Constellations and the Dance of the Vault - Achaea Online Help
18.10.25 Constellations and the Dance of the Vault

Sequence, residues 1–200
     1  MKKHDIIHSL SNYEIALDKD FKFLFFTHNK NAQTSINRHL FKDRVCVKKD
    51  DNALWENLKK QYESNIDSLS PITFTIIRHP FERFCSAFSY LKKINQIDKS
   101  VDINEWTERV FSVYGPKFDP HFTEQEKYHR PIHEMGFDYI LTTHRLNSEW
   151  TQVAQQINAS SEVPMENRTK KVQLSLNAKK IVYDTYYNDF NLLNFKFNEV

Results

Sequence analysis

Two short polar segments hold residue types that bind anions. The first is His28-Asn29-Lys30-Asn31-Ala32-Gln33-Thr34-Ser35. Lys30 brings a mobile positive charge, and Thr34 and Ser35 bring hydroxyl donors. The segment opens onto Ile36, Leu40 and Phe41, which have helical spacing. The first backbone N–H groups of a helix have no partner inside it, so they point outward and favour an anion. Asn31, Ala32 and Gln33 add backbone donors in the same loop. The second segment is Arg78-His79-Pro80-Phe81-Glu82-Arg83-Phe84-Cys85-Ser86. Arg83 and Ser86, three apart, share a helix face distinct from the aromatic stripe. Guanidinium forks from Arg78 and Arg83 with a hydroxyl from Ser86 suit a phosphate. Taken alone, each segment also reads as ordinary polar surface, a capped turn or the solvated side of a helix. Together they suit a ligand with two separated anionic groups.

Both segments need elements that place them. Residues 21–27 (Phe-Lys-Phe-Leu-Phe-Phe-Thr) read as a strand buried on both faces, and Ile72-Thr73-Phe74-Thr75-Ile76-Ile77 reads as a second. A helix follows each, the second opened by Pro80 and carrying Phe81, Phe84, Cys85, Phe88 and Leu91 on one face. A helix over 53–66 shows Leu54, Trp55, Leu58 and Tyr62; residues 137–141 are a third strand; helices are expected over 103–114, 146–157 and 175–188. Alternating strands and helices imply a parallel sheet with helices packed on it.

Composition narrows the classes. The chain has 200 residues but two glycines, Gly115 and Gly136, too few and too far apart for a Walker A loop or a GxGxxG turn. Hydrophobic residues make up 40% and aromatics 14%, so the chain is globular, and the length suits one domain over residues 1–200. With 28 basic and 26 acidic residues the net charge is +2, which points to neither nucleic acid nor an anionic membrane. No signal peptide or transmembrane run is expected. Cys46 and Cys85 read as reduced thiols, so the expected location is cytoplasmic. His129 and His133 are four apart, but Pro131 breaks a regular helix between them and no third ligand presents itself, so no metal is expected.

There exist in the cosmos of Achaea innumerable stars, galaxies, and other assorted glowing celestial bodies. Ever since the breath of life first filled the lungs of mortal-kind, they have looked skyward and constructed fanciful patterns from these distant points of light. Many of these constellations are but the product of whimsical imaginations and vary from people to people. There are, however, a select few which are exactly the same across cultures, worlds, and even planes, and which are imbued with special power and significance by the very forces of creation. At the beginning of time, when the will of Ayar bore forth the planes, He created a vast celestial vault to hold icons of great significance so that their light would reach every eye on every plane. Within this vault, He gave special positions of focus to three emblems: A regal winged-lion, representing the vast Prime Material Plane, a coiled serpent, representing the shadowy Spirit Realm, and a beautiful, thornless rose, representing the joy of Ayar at His perfect creations. Ayar then cast all the icons of the vault into a complex eternal waltz, to accentuate their resplendent glory. As they turn within the heavens, the constellations trade positions of prominence in the skies. This cycle is known as the Dance of the Vault, and repeats itself approximately every 29 years. For much of the cycle, the lion is ascendant, and normal forces of the Prime rule. Late in the cycle, the serpent overtakes the lion for a few months, and the ghoulish forces of the Spirit Realm obtrude into our world. This period is known as Mayaween, and is marked by frightening costumes and decorations. These visiting horrors do not dwell here long, however, as the lion quickly reclaims its seat. As the cycle draws to a close, the rose emerges, and jubilance overwhelms the hearts of the beings of our plane. Gifts are exchanged, and beautiful trees and wreaths sprout up across the world. The prominence of the rose is known as Logosmas, and marks the ending of a cycle of the dance (or a Step, as it is sometimes called). As the rose recedes, the lion takes the throne once more. Which constellations are currently visible to the naked eye? Simply LOOK STARS to gaze upon them at night-time. There are usually more than one in positions of prominence, so keep looking to see them all. To view constellations which are not in prominence at this time, one would require a powerful telescope.